We are very candid about the potential for isolation in a remote work environment and we stress the importance of taking responsibility for oneself in his or her role at SitePen. We have multiple initiatives going on at any given time and beyond your customer projects, we’re expecting everyone to dive in and succeed! Our team is loud and inviting but, as with everything, you only get out of it what you’re willing to put in and we have high expectations for very superb source code and quick-on-the-draw animated gifs.
First of all, we use our product – an online workplace – to screen and interview recruits. This instantly conveys the importance of remote-ness in our culture. We ensure they understand the priority of thought leadership in our emerging workplace, and of course, introduce them to our goofier employees to make sure they get the general sense of humor with which we operate. And of course, if they can agree on policies with the IT guy – who is obsessed with security – that’s a huge win as well!
Candidates have the chance to meet with a variety of people from parts of the engineering team and talk to them about how they work. Since we use Google Hangouts every day for work and conduct the interviews over Hangouts, the interview is very similar to what it would be like working here.
People love this when looking for a job. It really excites people that they can do a job that they love while working from home. It provides them freedom and convenience that they can’t get at other jobs. It’s a great way to attract top talent. We are sure to put this in our job ads and on our website.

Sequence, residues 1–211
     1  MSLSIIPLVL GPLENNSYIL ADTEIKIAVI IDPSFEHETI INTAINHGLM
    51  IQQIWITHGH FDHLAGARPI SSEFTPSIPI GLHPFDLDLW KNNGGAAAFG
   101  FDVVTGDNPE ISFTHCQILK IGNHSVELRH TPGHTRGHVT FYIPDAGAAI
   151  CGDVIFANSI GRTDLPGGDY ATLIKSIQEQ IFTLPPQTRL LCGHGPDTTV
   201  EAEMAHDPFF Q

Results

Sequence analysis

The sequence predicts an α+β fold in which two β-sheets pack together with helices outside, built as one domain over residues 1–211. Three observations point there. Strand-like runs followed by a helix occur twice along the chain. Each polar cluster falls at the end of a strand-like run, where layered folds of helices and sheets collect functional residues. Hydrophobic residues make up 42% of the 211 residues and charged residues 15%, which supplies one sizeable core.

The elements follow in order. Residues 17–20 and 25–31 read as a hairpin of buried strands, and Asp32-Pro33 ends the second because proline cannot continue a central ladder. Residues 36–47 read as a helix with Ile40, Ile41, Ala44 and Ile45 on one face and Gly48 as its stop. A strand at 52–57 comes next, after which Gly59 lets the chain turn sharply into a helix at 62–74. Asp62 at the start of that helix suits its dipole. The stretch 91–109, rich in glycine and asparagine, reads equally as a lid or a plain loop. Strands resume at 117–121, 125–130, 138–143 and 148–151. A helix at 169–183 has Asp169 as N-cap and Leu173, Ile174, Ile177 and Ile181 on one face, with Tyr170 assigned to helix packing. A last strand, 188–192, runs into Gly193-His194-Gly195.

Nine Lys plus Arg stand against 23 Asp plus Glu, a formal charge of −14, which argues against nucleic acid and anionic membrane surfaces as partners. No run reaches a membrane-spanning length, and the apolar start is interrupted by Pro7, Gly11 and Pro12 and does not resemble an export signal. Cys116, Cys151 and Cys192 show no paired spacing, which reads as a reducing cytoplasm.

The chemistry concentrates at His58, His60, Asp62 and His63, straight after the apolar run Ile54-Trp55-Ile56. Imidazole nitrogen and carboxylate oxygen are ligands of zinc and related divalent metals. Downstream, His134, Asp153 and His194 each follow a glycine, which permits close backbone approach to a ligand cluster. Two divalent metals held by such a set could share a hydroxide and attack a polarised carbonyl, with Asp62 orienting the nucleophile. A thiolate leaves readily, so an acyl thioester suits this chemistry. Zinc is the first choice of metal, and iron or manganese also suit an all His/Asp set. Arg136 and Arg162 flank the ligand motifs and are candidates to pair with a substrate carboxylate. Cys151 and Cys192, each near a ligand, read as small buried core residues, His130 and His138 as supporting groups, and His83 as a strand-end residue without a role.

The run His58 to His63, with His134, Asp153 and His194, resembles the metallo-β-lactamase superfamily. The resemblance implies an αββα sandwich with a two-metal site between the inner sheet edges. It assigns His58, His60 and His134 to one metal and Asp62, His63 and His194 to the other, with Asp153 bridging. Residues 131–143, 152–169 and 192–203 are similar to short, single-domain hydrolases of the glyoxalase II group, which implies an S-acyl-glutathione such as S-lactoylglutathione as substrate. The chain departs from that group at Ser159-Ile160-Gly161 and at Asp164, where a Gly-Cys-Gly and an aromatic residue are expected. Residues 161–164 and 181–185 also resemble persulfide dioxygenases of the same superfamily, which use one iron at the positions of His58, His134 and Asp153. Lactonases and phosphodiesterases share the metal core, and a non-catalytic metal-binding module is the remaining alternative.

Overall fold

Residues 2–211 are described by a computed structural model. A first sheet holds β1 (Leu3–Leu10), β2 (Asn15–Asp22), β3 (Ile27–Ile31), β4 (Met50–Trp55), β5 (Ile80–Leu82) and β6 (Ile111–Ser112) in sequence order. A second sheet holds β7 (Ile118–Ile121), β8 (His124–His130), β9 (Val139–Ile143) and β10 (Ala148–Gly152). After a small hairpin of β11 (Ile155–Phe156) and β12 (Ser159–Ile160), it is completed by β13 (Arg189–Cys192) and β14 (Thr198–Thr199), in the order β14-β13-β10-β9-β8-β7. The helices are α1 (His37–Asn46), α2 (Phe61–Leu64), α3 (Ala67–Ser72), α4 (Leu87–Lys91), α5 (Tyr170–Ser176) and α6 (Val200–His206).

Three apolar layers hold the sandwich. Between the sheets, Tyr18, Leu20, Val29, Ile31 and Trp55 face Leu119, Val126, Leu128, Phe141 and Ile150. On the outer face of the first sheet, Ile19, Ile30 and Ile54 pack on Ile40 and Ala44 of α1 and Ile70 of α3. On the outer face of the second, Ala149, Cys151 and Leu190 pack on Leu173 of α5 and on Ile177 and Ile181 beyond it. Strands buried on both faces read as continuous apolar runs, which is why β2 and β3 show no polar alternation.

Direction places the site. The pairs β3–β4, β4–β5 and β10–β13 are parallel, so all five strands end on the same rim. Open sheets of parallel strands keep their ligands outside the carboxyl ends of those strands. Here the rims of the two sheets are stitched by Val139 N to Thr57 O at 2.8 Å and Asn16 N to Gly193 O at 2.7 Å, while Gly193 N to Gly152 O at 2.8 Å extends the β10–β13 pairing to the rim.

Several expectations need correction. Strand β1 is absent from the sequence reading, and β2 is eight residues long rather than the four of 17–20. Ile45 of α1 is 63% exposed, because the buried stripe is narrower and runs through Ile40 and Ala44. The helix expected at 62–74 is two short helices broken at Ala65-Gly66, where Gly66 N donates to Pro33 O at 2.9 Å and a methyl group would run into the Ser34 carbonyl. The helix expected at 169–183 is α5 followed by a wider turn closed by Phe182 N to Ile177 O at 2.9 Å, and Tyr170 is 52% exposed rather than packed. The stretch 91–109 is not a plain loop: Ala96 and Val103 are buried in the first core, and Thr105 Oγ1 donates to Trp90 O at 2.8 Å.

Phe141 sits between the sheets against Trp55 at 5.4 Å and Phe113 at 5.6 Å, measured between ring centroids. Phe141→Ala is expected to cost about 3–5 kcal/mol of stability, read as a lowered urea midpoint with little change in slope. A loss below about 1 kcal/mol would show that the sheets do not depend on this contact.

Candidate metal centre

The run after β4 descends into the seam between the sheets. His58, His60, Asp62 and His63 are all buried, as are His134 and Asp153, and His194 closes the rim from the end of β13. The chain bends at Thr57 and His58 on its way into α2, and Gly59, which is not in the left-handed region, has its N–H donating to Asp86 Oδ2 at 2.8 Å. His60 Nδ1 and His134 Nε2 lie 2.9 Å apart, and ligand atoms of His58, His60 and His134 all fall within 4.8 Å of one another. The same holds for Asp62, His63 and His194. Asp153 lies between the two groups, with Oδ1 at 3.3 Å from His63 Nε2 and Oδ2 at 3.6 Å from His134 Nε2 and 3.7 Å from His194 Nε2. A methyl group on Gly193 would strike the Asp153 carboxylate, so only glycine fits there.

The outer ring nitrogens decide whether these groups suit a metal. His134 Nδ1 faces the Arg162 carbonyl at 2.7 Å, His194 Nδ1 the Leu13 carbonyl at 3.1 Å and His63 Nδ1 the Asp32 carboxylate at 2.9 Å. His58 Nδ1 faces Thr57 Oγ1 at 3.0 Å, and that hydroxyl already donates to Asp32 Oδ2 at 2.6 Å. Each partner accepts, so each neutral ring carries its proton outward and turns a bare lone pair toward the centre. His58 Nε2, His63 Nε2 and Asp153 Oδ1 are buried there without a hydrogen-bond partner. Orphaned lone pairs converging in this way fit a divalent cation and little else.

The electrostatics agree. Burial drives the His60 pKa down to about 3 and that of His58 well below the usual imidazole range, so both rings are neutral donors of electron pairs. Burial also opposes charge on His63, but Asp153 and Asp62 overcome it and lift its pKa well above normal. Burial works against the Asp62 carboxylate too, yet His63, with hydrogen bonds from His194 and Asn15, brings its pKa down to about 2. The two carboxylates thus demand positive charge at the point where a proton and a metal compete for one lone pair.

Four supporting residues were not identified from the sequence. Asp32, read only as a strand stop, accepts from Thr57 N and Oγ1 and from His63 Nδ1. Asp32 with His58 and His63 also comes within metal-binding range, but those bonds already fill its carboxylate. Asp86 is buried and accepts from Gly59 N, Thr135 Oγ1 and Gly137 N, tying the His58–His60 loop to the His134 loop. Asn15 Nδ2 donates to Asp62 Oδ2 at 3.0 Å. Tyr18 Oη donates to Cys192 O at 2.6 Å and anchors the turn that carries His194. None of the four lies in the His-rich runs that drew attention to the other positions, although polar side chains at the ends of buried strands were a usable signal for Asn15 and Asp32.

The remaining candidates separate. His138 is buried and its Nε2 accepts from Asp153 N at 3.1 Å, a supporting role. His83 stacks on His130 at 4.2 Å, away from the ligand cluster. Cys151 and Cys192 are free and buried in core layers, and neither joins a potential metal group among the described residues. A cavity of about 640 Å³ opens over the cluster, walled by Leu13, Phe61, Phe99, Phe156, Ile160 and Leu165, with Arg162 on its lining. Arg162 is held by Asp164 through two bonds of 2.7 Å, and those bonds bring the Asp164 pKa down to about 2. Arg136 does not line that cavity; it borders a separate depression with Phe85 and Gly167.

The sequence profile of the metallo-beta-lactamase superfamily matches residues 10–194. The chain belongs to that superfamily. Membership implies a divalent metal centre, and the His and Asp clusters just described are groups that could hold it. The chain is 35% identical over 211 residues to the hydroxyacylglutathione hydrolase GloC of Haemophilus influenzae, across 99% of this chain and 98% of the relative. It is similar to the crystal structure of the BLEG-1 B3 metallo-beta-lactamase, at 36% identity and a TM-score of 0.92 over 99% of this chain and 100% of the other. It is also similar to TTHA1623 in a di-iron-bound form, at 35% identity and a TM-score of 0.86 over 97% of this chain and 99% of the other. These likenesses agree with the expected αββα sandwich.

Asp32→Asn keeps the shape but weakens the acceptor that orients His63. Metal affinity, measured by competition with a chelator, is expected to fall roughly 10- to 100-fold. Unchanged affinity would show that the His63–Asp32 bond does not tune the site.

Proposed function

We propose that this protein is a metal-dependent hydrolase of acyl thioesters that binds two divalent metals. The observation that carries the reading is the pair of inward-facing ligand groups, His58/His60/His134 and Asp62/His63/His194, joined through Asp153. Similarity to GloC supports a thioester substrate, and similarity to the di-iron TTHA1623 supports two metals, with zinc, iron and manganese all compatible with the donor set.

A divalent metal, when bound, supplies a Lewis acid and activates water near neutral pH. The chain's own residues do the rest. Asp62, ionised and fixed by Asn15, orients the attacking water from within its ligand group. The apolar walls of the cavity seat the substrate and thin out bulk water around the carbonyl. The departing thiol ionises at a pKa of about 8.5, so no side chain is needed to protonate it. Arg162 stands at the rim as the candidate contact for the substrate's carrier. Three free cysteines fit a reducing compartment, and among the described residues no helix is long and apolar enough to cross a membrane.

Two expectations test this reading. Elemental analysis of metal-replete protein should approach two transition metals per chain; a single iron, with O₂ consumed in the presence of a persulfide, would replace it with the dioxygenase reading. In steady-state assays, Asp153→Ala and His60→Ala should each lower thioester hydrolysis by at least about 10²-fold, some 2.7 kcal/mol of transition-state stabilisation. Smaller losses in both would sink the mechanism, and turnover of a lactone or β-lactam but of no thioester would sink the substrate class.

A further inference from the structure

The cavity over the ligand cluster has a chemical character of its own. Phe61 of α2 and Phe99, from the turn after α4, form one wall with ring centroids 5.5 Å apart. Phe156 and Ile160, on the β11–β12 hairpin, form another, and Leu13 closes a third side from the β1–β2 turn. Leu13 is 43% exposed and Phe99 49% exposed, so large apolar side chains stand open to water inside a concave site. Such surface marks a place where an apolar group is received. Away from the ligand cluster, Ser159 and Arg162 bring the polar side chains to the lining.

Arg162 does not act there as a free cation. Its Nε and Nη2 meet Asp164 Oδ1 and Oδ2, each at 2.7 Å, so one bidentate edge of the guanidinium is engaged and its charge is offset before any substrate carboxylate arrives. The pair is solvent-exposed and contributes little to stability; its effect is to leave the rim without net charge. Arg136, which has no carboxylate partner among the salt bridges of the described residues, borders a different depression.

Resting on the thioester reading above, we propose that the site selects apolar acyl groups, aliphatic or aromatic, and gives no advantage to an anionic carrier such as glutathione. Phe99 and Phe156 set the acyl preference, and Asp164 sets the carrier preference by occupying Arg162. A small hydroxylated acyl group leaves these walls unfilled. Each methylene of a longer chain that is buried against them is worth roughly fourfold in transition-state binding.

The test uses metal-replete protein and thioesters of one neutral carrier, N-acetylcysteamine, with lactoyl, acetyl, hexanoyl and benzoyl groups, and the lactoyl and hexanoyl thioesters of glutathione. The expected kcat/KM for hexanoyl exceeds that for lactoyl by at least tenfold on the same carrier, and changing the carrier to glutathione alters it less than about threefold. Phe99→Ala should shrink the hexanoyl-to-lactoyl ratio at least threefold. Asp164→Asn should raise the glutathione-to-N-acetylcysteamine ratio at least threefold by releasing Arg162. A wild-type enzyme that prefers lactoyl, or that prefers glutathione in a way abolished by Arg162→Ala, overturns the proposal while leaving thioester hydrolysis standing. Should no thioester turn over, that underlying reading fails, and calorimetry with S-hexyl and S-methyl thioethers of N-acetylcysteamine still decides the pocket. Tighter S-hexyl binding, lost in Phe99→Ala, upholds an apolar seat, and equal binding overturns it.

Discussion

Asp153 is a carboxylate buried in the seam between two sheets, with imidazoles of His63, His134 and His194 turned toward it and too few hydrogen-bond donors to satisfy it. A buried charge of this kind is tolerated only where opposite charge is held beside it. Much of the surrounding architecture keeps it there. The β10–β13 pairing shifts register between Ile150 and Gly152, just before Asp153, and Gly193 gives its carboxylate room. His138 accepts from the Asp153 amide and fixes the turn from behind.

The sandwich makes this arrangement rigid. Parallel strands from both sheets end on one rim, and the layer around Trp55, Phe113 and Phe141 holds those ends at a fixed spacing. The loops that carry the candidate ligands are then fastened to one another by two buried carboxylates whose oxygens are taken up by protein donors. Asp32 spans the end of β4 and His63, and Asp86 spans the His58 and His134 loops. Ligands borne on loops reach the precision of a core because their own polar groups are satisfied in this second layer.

To start with, almost all of our interviews are done remotely, so that’s a pretty good tip-off about how we work. We talk about our remote culture on our Jobs page, in our job descriptions, and extensively on our blog.
We’ve also had good luck with job postings on FlexJobs, where we’re preaching to the converted.
I’ve hired 7 people to the company without meeting them in person. I guess that alone conveys something to them, but also we do practical things like test tasks during the process in a remote setting. We ask people to set deadlines and then deliver what they promised by them — often this reliability and transparency is even more important than the contents of trial work delivered in short time.
Stories. Toptalers spend so much time traveling together and doing amazing things both work-related and otherwise. It’s great to be able to talk about those experiences during the recruiting process, and I think it does much more to illustrate what we’re like as a company than any abstract set of culture principles or anything like that would.
The good candidates have already read about our culture on our website or blog. I’m often trying to convince them that this is really how we work, rather than conveying the details. Working remotely and having autonomy seem like common sense to me but are vastly different from the autocratic way that most companies operate.
I like to say that remote is only the first step. What we really want to build are more human companies. Remote companies can do more than just let people work from home. We can build 21st century companies designed around how people work best and how they find fulfillment in their work.
We showcase it! We make it very clear in job postings that our positions are remote, and we discuss it during the interview process as well. Often times, the natural flow of the conversation leads to our company and culture. Hearing what the candidate says and asks allows us to convey our passion behind WWWH and how and why we do what we do.